COLUMBIA, Mo. – Millions of dollars are coming to Missouri to help combat the physician shortage in rural areas.
Over the past decade, 18 Missouri hospitals have closed, and all but one of the state’s counties is in a health professional shortage. Now, a program at the University of Missouri is trying to combat the problem by placing medical students in rural areas.
“Overall, we have about 65% of our rural scholars that end up in rural areas, in comparison to 9 to 10% nationwide, so the problem is definitely making an impact on rural access and rural health outcomes,” said Kathleen Quinn, head of the Rural Scholars Program at the University of Missouri School of Medicine.
The program is in place to encourage young Missourians from rural backgrounds to pursue medical school. The $16 million grant will be used to fund scholarships for students.
“Many of our physicians in Missouri are 55 years of age or older and are getting ready to retire, so they have this urgency to teach,” Quinn said.
Since the program started nearly three decades ago, Quinn said nearly 50% of students who graduated are now practicing physicians in rural Missouri.
“You get a mental health care provider, and then a business will come into that town because there’s a provider,” Quinn said. “Every physician in a rural community brings in about $1.3 million of revenue for a town.”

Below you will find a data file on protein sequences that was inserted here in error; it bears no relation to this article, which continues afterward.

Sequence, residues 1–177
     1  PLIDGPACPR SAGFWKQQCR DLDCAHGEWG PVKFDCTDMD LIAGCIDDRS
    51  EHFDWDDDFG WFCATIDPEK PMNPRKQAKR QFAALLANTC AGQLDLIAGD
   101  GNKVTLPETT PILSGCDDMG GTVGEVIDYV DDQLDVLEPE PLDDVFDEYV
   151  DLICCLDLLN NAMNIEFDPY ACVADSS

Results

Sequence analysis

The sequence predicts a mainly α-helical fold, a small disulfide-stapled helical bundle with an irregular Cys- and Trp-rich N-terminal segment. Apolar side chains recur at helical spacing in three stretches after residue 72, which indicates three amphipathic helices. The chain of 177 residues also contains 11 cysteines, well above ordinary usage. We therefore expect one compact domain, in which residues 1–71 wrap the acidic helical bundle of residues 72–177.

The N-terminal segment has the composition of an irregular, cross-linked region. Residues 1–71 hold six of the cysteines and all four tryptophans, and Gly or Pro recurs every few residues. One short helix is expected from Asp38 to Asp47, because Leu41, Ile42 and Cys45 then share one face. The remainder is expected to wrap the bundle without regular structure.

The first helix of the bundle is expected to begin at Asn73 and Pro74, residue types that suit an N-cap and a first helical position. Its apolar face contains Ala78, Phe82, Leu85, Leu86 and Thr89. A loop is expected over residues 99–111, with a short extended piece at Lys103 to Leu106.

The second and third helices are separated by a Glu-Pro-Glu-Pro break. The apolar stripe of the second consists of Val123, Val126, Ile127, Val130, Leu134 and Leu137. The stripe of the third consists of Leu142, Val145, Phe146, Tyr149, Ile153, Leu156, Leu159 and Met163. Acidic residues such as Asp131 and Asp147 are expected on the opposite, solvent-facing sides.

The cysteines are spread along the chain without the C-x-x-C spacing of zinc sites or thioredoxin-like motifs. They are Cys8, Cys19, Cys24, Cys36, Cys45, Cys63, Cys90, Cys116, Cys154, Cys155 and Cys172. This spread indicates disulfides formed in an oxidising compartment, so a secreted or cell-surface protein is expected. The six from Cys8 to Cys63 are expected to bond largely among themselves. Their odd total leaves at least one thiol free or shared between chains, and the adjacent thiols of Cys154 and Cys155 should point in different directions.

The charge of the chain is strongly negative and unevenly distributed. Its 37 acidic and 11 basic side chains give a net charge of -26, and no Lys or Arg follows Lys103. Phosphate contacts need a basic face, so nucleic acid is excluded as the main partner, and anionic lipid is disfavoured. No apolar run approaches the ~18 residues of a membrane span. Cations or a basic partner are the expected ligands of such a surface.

But there are some exceptions to the program, like Jay Devineni, originally from St. Louis County, who is spending his third year of medical school in Sedalia.
“Rural Missouri is definitely different than urban or suburban Missouri, there’s no doubt about,” Devineni said. “Not only was it easier to integrate myself than I thought it would be, but we’re really learning a lot from each other. I’m learning a lot from my patients, and they are learning from me as well.”
Unlike metropolitan areas, Devineni said rural physicians become the jack of all trades, which attracted him to the program.
“I rotate in something different almost every day,” Devineni said. “I’ve done pediatrics, I’ve done internal medicine, I’ve done family medicine, I’ve done something in neurology, I’ve done psychiatric, I’ve done labor and delivery and OBGYN. Your scope of practice is wider, you get to do more things in rural medicine whereas if you work in a city, your scope of practice if pretty narrow because there’s a specialist for everything and every age group.”
Grant money will also be used to expose Missouri students to health care careers through the School of Medicine’s mobile training facility, with life-like patient simulators.
“Here’s the five-year-old mannequin. He can talk, he can breathe, he can blink his eyes, he can tell the kids how he feels, and they will see some of the procedures that can be performed and hopefully that sparks interests,” Quinn said.
The 38-foot RV is equipped with state-of-the-art equipment and simulations to train first responders. This one-of-its-kind training facility, worth $400,000, travels to Missouri to provide hands-on simulations to benefit responders and health care providers.
“There’s no bigger need in Missouri than in rural Missouri,” Devineni said. “Regardless of where you’re going to practice, I think the experience in rural medicine is really important because even when you’re practicing in St. Louis, Kansas City, or Columbia, you’re going to get patients that have to go to those cities to see certain specialists because we don’t have them in rural communities.”
This is the largest grant the program has ever received, and because of that, Quinn said it will help fund scholarships and simulation truck visits through 2027. She said the goal is to visit at least 50 schools across the state within the next year.